Tata wants speedy decision as govt dithersPublished by MAC on 2006-07-05
Tata wants speedy decision as govt dithers
Khawaza Main Uddin, New Age
5th July 2006
Top executives of the Tata Group are scheduled to meet the executive chairman of the Board of Investment on July 10, apparently in a last-ditch bid to make the government take a speedy decision on its $3 billion investment initiative.
The Indian corporate giant has reportedly been considering a ‘pullout option’ in case of more delay in responding to the minimum offers it made in April for commissioning four projects—steel, fertiliser and power plants and coalmine exploration—in Bangladesh.
When asked, the investment board chief, Mahmudur Rahman, told New Age on Tuesday that the government understood the frustration of the Tata authorities, ‘but they have to understand the domestic political compulsion just three months before this government leaves office’.
He said the Tata Group might have to wait six more months to sign a contract with the next elected government.
The government had been requested to make its response to the Tata proposals on gas pricing, equity partnership, floating shares, power tariff and other contentious issues within one month from the date of submitting the Tata’s minimum offers on April 30.
The group’s resident director, Manzer Hussain, however, ruled out the possibility of pullout terming media reports ‘mere speculations’.
Highly placed sources in the government said the ministers and officials involved in the process of dealing with the Tata proposals had been directed to be cautious so that the issue did not cause the ruling Bangladesh Nationalist Party an electoral debacle.
The sources added that it would also be difficult for the Tata authorities to back out of the move since they spent time and money in selecting Bangladesh for its investment.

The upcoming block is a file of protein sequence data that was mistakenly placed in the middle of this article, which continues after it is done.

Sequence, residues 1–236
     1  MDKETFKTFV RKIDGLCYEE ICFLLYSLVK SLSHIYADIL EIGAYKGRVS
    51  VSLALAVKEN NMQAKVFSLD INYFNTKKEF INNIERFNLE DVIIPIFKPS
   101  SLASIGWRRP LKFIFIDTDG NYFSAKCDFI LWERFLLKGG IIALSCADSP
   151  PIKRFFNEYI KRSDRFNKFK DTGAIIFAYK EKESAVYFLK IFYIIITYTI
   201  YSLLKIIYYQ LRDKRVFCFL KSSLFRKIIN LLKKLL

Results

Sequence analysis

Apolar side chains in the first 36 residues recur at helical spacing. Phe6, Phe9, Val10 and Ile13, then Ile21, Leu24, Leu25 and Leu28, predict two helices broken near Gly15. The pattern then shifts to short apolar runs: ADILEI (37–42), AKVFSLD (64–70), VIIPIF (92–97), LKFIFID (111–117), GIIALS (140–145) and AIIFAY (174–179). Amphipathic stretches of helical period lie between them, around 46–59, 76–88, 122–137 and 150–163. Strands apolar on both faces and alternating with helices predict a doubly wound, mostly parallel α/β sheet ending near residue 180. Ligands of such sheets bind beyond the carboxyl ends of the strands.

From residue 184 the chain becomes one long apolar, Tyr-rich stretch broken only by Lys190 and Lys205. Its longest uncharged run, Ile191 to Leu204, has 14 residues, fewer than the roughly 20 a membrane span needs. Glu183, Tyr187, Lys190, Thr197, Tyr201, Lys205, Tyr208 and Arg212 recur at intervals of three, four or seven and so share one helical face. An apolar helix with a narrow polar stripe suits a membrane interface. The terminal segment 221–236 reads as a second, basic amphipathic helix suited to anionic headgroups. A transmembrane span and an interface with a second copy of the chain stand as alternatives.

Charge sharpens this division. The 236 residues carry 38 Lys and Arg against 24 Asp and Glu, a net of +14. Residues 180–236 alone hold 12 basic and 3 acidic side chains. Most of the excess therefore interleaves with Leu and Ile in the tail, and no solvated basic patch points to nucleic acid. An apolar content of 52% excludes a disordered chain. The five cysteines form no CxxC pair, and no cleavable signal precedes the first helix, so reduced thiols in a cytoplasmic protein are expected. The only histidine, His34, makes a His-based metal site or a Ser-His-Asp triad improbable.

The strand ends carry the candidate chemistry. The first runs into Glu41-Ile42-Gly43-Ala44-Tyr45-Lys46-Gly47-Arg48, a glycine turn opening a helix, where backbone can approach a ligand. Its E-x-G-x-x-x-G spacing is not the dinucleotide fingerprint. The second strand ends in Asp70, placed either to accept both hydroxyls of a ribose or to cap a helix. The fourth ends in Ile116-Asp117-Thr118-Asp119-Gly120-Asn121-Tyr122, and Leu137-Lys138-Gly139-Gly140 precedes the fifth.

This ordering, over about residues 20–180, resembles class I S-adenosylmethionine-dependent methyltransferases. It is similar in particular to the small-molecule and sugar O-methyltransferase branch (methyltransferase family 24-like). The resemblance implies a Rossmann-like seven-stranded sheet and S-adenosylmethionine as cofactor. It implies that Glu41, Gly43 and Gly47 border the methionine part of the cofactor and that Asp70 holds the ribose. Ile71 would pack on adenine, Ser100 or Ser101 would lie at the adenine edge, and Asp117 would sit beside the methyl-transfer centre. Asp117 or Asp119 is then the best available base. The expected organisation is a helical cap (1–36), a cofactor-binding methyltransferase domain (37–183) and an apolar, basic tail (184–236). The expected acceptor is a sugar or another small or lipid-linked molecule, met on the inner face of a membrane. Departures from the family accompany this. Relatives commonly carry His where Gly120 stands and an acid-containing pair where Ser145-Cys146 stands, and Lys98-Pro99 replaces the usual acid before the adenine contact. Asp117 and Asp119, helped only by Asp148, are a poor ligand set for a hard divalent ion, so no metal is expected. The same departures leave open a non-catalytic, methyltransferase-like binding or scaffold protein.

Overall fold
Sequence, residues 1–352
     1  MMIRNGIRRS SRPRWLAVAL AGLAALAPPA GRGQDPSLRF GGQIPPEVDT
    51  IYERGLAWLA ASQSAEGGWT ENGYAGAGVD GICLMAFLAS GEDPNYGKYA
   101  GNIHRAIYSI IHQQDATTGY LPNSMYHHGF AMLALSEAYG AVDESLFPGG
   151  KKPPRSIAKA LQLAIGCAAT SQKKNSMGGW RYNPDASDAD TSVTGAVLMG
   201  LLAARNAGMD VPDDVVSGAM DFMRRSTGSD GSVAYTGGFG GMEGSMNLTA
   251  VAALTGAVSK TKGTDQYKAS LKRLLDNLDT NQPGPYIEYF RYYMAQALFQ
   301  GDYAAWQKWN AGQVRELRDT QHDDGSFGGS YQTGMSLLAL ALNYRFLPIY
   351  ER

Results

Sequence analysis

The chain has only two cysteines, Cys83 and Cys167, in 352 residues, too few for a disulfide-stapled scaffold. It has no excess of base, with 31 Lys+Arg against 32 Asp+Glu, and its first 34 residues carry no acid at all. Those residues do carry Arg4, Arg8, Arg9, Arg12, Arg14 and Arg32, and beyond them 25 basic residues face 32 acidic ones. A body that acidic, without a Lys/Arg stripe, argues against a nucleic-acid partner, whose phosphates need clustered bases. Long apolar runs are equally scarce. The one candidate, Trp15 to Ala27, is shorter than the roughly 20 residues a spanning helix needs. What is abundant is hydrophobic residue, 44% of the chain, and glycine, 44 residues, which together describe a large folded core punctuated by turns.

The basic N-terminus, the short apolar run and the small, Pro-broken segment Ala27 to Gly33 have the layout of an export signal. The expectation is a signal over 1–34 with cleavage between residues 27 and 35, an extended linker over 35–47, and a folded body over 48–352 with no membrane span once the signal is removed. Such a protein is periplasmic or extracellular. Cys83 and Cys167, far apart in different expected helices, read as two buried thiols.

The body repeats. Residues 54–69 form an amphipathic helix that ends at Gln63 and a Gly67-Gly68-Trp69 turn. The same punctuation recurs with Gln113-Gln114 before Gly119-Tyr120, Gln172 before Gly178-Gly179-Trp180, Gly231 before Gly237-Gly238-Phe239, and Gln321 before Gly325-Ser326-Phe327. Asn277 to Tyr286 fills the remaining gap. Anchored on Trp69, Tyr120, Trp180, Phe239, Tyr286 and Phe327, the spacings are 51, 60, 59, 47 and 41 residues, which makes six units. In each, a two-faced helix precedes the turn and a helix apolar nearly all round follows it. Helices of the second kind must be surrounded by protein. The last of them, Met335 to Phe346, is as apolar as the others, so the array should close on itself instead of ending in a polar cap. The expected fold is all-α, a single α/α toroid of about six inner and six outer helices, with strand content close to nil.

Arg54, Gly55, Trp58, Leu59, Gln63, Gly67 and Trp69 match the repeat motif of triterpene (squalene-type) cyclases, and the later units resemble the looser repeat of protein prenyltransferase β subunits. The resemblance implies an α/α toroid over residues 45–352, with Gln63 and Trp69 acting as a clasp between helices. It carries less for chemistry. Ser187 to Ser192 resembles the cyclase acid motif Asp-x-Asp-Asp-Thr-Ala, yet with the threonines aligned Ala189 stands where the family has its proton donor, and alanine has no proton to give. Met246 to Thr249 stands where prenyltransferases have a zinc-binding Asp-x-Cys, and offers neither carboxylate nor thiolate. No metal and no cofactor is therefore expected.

A national committee headed by the industries minister, Motiur Rahman Nizami, assigned a secretarial-level committee to recommend measures on the Tata proposals. Noted economist Wahiduddin Mahmud has been making an independent assessment while the Asian Development Bank will also prepare a review report on the Tata investment proposals.
‘It is not the right time to enter a potentially controversial deal. The government could have settled the matter and signed an agreement with Tata in early 2005, two years before the general elections scheduled for January, 2007,’ one of the sources said.
Against this backdrop, the officials of the group, including the executive director of the mother company, Tata Sons Alan Roseling, and the group’s resident director, Manzer Hussain, have sought an appointment with the investment board executive chairman to make their latest positions clear on the investment move.
Wire service Reuters ran a story from Mumbai quoting Alan Roseling as saying that the company was in touch with government officials and reviewing alternative courses of action.
‘We’re optimistic, but we are realistic about the situation. We’ve spent a lot of time and money developing the Bangladesh project,’ he said. ‘On the one hand, we are disappointed that it is taking so long. Equally, we are used to this pace.’
The Tata Group’s proposed investment encompasses a steel plant with a capacity of producing 2.4 million tonnes annually, a 1-million-tonne-capacity urea factory and an over 500-megawatt capacity captive power plant, apart from exploration of a coalmine. It has also planned to set up another 1,000 megawatt power plant based on either gas or coal in future.